One of the challenges I face daily as a writer is that I tend to tell a story rather than let it develop through the character’s thoughts and actions. This too requires many rewrites to get it right. I guess I’m still taking the long way. Editing is difficult for me as well. Thankfully, I belong to a couple of writer groups who provide good honest criticism. Without good criticism, my novels would lay molding in my file drawers. Wait—most of them still are.

William, you’ve already told us a little about Outlaws. Is there anything you’d like to add about it? Could you also tell us something about any other projects you’re currently working on?

For what it’s worth, OUTLAWS is finished and the readers will have to decide its worth. I have several manuscripts in my drawer that will have to be revised and edited in the future. Right now I’m about finished with my first attempt at a young adult novel entitled THE ONION CAPER. Strangely enough it started out as an adult cop story. To establish the title I started with the first chapter or two with the protagonist (Cole) as a young lad. Several people suggested that I continue it as a YA, so I have. Just a couple more chapters and it’ll be ready for edits and rewrites.

Final editing of OUTLAWS and anxious waiting for the release seems to have put me in a minor writers block with the new novel but I’m confident I’ll get back to it once OUTLAWS is released.

With Outlaw’s release, hopefully you’ll be back on track. Is there anything else you’d like to add, and how can readers learn more about you and/or your works?

Pertaining to writing: For anyone interested in doing it seriously, learn to develop a tough hide when it comes to criticism. And never stop editing until it’s published. I believe it was Michener who said, “I’m not an excellent writer but I’m an excellent re-writer.”

I’m relatively new to Facebook, twitter, and blogging but I hope to become more involved in the near future to promote sales and establish a fan base. Maybe all 16 members of my family, including grandchildren, will buy the novel and become fans.

OUTLAWS, by: William Weldy, was released as an e-book at, Barnes & Noble, and on May 18, 2012. The author would appreciate any comments, rating, or reviews of the novel.

Thanks, for the interview, William.

Below are some links to William Weldy’s novel:

Outlaws at Amazon (Kindle-US)
Outlaws at Musa Publishing
Outlaws at Barnes & Noble (Nook)
Outlaws at Amazon (Kindle-UK)

If you get the chance, visit William's recently established blog: Cop Writer

Tuesday, June 12, 2012

Winner of 'Jayne Hat' at ConCarolinas 2012

'Jayne Hat'
The winner of the 'Jayne Hat' at ConCarolinas 2012 is:

Zeke W. of Charlotte, North Carolina!

For those who didn't win but are interested (especially Firefly Fans):

Contact Jayne Who Hats by Sib at brewski6612 [at]

Monday, June 11, 2012

A few Lower Traffic Places I Visit Online

While there hundreds (if not thousands) of writer and reader focused forums out there, I think there's one or two where everyone can fit in and find a home.  While I'm a member and contribute to a few large member/high-traffic ones, here are a couple smaller ones that I find interesting and so might you (and might benefit for a little additional traffic):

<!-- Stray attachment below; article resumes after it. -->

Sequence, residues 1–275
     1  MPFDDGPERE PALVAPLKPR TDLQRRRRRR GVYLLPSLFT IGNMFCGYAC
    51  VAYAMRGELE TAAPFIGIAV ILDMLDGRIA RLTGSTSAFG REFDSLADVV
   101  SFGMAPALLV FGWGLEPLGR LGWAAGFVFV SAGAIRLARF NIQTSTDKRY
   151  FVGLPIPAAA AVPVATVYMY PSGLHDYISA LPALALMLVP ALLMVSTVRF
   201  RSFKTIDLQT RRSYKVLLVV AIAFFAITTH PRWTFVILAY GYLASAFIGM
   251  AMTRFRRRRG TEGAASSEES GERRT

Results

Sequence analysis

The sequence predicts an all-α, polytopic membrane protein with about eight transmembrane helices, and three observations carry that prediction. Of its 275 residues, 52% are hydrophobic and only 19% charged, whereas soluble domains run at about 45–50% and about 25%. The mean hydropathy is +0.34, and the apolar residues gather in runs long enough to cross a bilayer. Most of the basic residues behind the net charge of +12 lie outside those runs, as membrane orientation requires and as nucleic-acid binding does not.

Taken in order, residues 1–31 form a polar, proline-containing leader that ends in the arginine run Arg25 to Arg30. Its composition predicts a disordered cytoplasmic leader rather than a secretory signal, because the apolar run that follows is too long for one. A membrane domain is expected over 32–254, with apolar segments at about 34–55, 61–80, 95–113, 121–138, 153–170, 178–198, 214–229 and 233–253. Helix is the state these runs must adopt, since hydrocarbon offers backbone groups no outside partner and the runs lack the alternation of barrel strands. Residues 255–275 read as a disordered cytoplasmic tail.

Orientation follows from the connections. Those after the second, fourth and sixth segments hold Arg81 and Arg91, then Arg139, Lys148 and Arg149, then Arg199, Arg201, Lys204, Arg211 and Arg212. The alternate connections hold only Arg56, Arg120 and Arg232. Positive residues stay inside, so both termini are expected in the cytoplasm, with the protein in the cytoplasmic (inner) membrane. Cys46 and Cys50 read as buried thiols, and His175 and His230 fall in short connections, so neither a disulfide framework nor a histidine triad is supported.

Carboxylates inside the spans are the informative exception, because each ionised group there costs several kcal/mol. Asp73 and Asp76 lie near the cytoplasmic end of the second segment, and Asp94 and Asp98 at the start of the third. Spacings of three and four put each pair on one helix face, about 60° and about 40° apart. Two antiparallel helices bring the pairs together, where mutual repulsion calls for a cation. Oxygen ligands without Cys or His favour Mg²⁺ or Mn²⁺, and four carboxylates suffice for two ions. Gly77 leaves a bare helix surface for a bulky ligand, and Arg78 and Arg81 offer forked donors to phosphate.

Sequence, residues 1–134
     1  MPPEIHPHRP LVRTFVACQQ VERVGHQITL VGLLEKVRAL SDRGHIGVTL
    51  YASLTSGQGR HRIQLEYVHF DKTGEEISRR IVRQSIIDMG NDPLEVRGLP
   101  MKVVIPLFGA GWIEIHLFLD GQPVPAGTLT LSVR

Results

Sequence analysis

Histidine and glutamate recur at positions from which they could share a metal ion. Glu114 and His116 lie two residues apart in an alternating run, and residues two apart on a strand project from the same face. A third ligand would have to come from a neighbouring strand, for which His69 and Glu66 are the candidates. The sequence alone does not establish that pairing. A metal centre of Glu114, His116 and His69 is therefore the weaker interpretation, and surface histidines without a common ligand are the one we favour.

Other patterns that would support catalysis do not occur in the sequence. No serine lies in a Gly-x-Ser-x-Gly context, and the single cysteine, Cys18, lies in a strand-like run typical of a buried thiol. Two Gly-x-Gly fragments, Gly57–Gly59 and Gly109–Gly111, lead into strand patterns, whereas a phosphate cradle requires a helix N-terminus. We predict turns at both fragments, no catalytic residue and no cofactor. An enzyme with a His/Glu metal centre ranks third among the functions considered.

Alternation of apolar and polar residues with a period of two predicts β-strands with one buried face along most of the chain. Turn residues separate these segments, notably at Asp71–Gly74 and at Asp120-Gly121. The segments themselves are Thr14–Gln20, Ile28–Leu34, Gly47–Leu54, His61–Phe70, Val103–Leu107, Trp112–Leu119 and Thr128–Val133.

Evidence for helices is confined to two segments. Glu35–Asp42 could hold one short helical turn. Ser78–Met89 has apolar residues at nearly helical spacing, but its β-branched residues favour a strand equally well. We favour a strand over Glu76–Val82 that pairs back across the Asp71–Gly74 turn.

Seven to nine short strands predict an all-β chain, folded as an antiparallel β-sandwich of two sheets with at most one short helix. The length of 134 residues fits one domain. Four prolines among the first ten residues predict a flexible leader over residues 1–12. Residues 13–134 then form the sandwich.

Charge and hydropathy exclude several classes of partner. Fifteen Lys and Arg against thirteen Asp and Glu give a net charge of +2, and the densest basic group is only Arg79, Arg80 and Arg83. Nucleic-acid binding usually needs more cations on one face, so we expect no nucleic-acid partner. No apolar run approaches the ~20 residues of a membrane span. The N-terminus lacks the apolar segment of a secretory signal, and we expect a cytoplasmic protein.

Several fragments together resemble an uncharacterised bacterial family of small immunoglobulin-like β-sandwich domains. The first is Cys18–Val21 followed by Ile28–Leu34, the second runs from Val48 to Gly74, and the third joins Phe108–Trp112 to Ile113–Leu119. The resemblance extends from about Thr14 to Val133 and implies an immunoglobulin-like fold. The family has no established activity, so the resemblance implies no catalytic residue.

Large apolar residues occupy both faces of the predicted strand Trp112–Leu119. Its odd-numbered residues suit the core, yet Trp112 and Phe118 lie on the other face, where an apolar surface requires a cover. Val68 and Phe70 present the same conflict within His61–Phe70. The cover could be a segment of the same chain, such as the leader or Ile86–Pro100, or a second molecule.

Fiction Factor's Forum discusses writing of all genres with a core of active members.

Mythic Scribes focuses on fantasy. Has some very interesting discussions crop up.

Audio For Books goes in spurts of activity. Focuses on audiobooks but not exclusively.

Bibliophorum open to a variety of topics on reading and writing with a core group of active members.

Authors by Design is where my crit group (Elysian Fields) is based. Goes in spurts with some solid members. (have to join to view--keeps spam down)

Morgen Bailey's Writing Forum is a forum hosted by a very active writer, Morgen Bailey, with a variety of topics that occasionally crop up.

My screen name varies between R-Tech and TWErvin2, if you decide to pop in to look around.

Monday, June 4, 2012

ConCarolinas 2012 Wrap-Up

Get Dead Crew modeling Blood Sword
I had a great time at ConCarolinas 2012. I was fortunate enough to have been given the opportunity to be a part of some great panels, met some new authors, and a host of readers, not only through sales of signed copies at the convention, but also those who expressed interest in the ebook and audiobook versions of Flank Hawk and Blood Sword.

Luck had it that my table was situated across the hall from the Get Dead Crew, where I was able to witness some really neat makeup/artwork being created.
(See examples holding copies of my novels to the right above and below)

In addition, I was especially fortunate to have been on a panel with Gray Rinehart, author and consulting editor/slush master general with Baen Books. Later we crossed paths and briefly discussed not only a bit on writing and publishing, but my science fiction novel Relic Tech that has run the slushpile gauntlet and is awaiting a final decision by Baen's managing editor.

Finally, the winner of the 'Jayne Hat' has been drawn and contact email sent. Will post more on that soon.

Get Dead Crew Modeling Flank Hawk
(posted the pic w/ the flash because it looks neat)